Mind/Body Nutrition Coaching by Aline Vann

Beginner’s Guide to Meditation



You may be skeptical about meditation. I say this from personal experience. It’s easy to convince yourself that you don’t have time to meditate, but when you do it consistently, you will start to notice feeling calmer and more grounded. You really will! To be perfectly honest, I felt some resistance when I first started hearing more about it. I wasn’t sure if I was “supposed to.” As I wondered myself in the beginning,  I have heard Christian friends say that they are intimidated, or feel uncomfortable with meditation, because they feel they may be dishonoring God, or worshipping some false god.  Well, now I know that really couldn’t be further from the truth.  In fact, Psalm 46:10 says, “Be still, and know that I am God.”

Still concerned? You may choose a mantra such as Yahweh when you mediate, or words from the Lords’ Prayer. The point is, meditation can benefit people from all walks of faith. Meditation is so accessible too. You can meditate anywhere, anytime, with music, without, etc. The options are endless, and there truly isn’t a right or wrong way to mediate.  Find what you enjoy, and what works best for you, because that is what you are more likely to stick with.

Here’s a challenge.  Try to meditate 5-10 minutes each day for five days.  Set a timer if that makes you feel better.  Then leave a comment letting me know how it went. I’d love to hear about your experience.

Peace be with you,


1. Sit tall
The most common and accessible position for meditation is sitting.  Sit on the floor, in a chair or on a stool.  If you are seated on the floor it is often most comfortable to sit cross-legged on a cushion.  Comfort is key.  Now imagine a thread extending from the top of your head, pulling your back, neck and head straight up towards the ceiling in a straight line.  Sit tall.  Lying down is fine too if sitting is not accessible, or if lying down to meditate serves your practice.
2. Relax your body
Close your eyes and scan your body, relaxing each body part one at a time.  Begin with your toes, feet, ankles, shins and continue to move up your entire body.  Don’t forget to relax your shoulders, neck, eyes, face, jaw and tongue which are all common areas for us to hold tension.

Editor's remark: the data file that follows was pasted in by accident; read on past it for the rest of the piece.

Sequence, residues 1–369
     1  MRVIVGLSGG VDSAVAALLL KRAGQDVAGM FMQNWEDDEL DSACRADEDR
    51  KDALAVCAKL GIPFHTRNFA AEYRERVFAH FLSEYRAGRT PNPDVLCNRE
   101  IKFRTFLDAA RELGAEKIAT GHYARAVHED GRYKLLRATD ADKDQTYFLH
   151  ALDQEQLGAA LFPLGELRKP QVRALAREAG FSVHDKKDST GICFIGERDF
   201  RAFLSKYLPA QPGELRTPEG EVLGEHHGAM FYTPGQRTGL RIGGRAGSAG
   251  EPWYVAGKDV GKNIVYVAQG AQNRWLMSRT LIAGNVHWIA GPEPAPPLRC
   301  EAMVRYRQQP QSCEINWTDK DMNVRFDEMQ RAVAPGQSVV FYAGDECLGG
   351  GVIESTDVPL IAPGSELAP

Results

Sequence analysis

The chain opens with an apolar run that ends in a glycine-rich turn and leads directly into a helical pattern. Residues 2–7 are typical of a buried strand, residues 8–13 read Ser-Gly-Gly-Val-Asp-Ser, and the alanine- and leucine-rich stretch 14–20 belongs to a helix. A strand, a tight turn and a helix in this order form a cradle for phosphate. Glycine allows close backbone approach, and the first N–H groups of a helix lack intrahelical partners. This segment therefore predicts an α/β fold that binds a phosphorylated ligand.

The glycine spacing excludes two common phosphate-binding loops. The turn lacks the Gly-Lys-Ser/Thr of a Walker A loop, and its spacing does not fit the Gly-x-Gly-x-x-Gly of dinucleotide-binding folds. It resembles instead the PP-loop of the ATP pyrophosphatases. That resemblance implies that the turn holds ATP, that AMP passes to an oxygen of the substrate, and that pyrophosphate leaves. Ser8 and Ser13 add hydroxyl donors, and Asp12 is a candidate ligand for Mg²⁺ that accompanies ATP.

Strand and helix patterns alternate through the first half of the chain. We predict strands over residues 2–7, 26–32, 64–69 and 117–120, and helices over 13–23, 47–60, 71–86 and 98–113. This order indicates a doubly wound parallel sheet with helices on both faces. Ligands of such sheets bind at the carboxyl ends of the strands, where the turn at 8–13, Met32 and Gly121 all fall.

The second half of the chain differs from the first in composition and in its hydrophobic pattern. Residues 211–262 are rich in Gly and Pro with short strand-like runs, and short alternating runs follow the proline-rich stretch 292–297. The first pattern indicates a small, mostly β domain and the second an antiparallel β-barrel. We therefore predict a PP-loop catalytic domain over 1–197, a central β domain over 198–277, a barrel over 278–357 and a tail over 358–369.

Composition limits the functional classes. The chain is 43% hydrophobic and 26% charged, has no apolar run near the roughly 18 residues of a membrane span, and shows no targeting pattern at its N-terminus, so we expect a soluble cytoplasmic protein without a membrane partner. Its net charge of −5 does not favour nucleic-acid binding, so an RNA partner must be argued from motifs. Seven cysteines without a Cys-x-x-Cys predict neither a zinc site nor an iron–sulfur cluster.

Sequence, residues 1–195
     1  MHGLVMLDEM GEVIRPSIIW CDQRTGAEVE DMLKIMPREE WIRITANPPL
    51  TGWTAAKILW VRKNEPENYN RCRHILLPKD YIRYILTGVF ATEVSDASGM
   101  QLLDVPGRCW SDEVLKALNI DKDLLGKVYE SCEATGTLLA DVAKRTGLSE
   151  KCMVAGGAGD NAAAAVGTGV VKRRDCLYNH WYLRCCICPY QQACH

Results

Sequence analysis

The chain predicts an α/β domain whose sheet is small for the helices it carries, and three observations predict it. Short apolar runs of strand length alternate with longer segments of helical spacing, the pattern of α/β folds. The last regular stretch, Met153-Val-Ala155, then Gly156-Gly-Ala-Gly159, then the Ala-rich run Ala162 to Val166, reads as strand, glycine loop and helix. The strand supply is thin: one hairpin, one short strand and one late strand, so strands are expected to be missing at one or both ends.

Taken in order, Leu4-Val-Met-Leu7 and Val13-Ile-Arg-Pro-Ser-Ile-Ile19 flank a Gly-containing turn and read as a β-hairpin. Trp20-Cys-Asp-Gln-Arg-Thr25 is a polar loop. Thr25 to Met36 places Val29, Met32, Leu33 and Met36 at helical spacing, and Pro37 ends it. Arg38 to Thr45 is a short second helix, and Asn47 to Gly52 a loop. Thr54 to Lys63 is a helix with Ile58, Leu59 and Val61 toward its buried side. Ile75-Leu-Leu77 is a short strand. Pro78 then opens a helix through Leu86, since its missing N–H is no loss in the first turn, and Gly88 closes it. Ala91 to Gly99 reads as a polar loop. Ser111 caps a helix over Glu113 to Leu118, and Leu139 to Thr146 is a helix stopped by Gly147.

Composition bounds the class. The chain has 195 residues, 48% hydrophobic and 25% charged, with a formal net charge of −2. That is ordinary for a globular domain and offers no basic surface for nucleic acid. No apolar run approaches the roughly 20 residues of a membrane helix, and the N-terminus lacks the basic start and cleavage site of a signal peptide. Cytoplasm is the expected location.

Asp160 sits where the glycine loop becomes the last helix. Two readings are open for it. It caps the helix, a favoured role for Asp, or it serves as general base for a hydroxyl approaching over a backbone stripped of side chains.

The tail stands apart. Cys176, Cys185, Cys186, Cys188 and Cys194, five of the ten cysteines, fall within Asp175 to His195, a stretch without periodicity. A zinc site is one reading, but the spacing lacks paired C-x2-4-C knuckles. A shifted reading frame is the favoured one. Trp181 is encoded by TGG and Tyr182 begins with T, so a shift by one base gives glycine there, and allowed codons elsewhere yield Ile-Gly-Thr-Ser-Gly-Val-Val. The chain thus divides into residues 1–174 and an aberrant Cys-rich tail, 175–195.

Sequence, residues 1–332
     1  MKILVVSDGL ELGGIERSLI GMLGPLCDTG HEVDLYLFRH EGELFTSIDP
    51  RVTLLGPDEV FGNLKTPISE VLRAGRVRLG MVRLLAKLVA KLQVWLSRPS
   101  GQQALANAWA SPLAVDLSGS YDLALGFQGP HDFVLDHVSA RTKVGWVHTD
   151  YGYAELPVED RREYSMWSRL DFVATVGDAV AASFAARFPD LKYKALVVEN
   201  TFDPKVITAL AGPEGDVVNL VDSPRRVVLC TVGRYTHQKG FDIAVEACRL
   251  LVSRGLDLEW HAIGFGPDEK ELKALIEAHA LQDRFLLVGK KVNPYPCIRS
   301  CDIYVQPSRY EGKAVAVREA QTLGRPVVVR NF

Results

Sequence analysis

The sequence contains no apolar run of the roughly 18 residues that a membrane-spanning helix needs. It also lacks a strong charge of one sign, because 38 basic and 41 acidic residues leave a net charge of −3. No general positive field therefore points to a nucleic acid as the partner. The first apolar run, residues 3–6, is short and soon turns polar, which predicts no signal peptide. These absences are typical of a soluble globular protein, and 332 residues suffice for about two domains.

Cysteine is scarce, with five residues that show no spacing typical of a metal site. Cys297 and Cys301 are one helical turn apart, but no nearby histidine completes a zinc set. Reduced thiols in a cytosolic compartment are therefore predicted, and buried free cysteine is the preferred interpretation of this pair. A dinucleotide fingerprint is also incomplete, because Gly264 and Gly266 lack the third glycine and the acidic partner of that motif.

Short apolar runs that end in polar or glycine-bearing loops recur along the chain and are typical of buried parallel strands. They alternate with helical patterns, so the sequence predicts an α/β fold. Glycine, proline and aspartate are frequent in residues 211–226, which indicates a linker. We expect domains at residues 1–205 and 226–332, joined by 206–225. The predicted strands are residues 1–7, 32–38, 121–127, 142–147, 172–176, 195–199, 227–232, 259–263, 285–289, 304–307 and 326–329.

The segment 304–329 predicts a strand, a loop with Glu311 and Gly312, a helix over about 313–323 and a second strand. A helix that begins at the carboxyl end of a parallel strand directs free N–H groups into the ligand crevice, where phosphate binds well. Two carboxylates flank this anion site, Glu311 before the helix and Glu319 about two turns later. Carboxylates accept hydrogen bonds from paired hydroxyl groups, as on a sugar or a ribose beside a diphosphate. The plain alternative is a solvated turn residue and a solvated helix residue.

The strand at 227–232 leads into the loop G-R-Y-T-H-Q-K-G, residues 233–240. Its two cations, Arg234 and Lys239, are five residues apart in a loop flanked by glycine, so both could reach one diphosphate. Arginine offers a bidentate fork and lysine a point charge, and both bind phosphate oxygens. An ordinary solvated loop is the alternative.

3. Be still and silent
Now that you are sitting tall and relaxed, take a moment to be still.  Just sit.  Be aware of your surroundings, your body, the sounds around you.  Don’t react or attempt to change anything.  Just be aware.
4. Breathe
Turn your attention to your breath.  Breathe silently, yet deeply.  Engage your diaphragm and fill your lungs, but do not force your breath.  Notice how your breath feels in your nose, throat, chest and belly as it flows in and out.
5. Establish a mantra
A mantra is a sound, word or phrase that can be repeated throughout your meditation.  Mantras can have spiritual, vibrational and transformative benefits, or they can simply provide a point of focus during meditation.  They can be spoken aloud or silently to yourself.  A simple and easy mantra for beginners is to silently say with each breath, I am breathing in, I am breathing out.
6. Calm your mind
As you focus on your breath or mantra, your mind will begin to calm and become present.  This does not mean that thoughts will cease to arise.  As thoughts come to you, simply acknowledge them, set them aside, watch them float by, and return your attention to your breath or mantra.  Don’t dwell on your thoughts.  Some days your mind will be busy and filled with inner chatter, other days it will remain calm and focused.  Neither is good, nor bad.
9. When to end your practice
There is no correct length of time to practice meditation, however when first beginning it is often easier to sit for shorter periods of time (5 to 10 minutes).  As you become more comfortable with your practice, meditate longer.  Set an alarm if you prefer to sit for a predetermined length of time.  Another option is to decide on the number of breaths you will count before ending your practice.  A mala is a helpful tool to use when counting breaths.
8. How to end your practice
When you are ready to end your practice, slowing bring your conscious attention back to your surroundings.  Acknowledge your presence in the space around you.  Gently wiggle your fingers and toes.  Begin to move your hands, feet, arms and legs.  Open your eyes.  Move slowly and take your time getting up.
9. Practice often
Consistency is more important than quantity.  Meditating for 5 minutes every day will reward you with far greater benefits than meditating for two hours, one day a week.
10. Practice everywhere
Most beginners find it easier to meditate in a quiet space at home, but as you become more comfortable, begin exploring new places to practice.  Meditating outdoors in nature can be very peaceful, and taking the opportunity to meditate at work, or when traveling can be an excellent stress reliever.
Meditation is a simple, effective and convenient way to calm your busy mind, relax your body, become grounded and find inner peace amidst the chaos of day-to-day life.

adapted from: stopandbreathe.com

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